For the last few weeks, Aadhaar, or India’s unique identity number programme, has been in the news for all the wrong reasons.
First, there was the news about some business correspondents illegally storing biometric data and misusing it.
Second, there was a (orchestrated) backlash against the government’s move to make Aadhaar mandatory for filing of income tax returns as well as for obtaining and retaining the permanent account number (PAN); which among other things will make it very difficult to elude the radar of the tax sleuth. Just remember that some 250 million PAN numbers have been issued so far and yet, there are only 40 million taxpayers.
Third, as Mint reported on 7 April, the Aadhaar biometric authentication failed miserably in paying out wages under the marque rural job guarantee scheme in Telangana, clearly indicating gaps in the process.
The privacy warriors have used this moment to argue their long-standing case against Aadhaar. While no one can dispute their concerns on privacy, it is unfair to pick on Aadhaar as the sole example of such breach of privacy; indeed it has its shortcomings, as the Telangana example showed, but they don’t fall in the realm of privacy breaches.
This thing that just because it is government ordained it therefore implies that “big brother” is watching plays on our worst fears (Remember George Orwell’s gripping book: 1984). Even if it is true (personally, I hope not), it is more likely that we voluntarily put out more of our personal data in public domain—through the proliferation of social media tools like Twitter, Facebook, WhatsApp, Viber and so on—which is vulnerable to misuse.
At this stage therefore it is important to agree to the first principles of this debate.
One, let us not be a Luddite and demand that Aadhaar, which is based on sound logic, be disabled. Second, as privacy warriors point out, there is an urgent need to protect privacy of data; and this is not just important from the point of view of individuals, even companies and countries are vulnerable (hackers mostly go after institutions, which curate all kinds of information).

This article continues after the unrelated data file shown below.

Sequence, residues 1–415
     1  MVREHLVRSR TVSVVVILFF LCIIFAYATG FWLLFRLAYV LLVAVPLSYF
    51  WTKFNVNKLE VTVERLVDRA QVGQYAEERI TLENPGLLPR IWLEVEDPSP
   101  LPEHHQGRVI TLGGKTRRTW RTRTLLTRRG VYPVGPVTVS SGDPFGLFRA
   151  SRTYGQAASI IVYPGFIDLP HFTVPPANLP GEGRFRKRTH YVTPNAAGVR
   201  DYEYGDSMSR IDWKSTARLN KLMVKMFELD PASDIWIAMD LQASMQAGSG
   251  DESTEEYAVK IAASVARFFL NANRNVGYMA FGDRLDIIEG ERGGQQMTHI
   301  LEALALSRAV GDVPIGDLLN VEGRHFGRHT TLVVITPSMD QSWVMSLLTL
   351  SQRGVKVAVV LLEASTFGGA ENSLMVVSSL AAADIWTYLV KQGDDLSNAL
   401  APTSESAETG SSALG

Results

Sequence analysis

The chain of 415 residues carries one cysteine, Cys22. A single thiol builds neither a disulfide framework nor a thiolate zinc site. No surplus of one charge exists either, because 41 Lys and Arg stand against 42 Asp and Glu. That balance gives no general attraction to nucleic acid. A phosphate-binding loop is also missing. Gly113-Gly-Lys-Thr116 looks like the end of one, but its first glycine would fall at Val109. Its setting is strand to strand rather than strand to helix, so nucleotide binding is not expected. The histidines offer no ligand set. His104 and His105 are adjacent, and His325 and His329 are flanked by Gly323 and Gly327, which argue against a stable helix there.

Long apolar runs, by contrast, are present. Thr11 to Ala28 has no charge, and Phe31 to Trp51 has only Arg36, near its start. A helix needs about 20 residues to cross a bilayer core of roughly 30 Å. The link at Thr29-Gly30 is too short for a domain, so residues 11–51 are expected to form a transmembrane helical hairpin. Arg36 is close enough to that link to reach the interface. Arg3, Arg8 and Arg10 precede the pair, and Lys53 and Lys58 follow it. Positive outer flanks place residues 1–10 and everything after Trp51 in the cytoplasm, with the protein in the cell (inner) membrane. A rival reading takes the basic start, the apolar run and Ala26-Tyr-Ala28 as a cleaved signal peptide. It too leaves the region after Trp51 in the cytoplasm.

Nandan Nilekani, also the person who gave us Aadhaar, explains this best. In a recent interview published in The Economic Times he said, “Privacy is an all-encompassing issue because of the rapid rate of digitisation the world is seeing. Your smart phone has sensors, GPS and is generating more and more information about everything; voice-activated devices could also be recording your conversations. There’s a profusion of CCTV cameras at malls, restaurants, ATMs recording your movements. We have a broader issue on how people retain their privacy in this world.”
But this is where we run into a problem, even though there is concurrence on the need for a privacy law. For one, there is a great reluctance on the part of the government to come out with one.
A draft law was put up for conversation in the second term of the Congress-led United Progressive Alliance, but never saw the light of the day; in fact, they are guilty of not creating Aadhaar under a law (something that was closed out only last year and that too after the Supreme Court stepped in).
Second, it is something easier said than done. As the latest cover story (8 April) of The Economist points out: “There is no way to make computers completely safe. Software is hugely complex. Across its products, Google must manage around 2 billion lines of source code—errors are inevitable. The average program has 14 separate vulnerabilities, each of them a potential of illicit entry. Such weaknesses are compounded by the history of the Internet, in which security was an afterthought.”
But this is not to suggest that we should just be wringing our hands and forget about privacy. Absolutely not.
Instead, there is an urgent need to generate a larger conversation on privacy, which involves all stakeholders—including the consumer (so critical as we move into the era of Internet of Things like smart TVs, Fridges and so on). And this has to be done soonest.
Till then, let us desist from submitting to fear-mongering on Aadhaar.
Anil Padmanabhan is executive editor of Mint and writes every week on the intersection of politics and economics.
His Twitter handle is @capitalcalculus.
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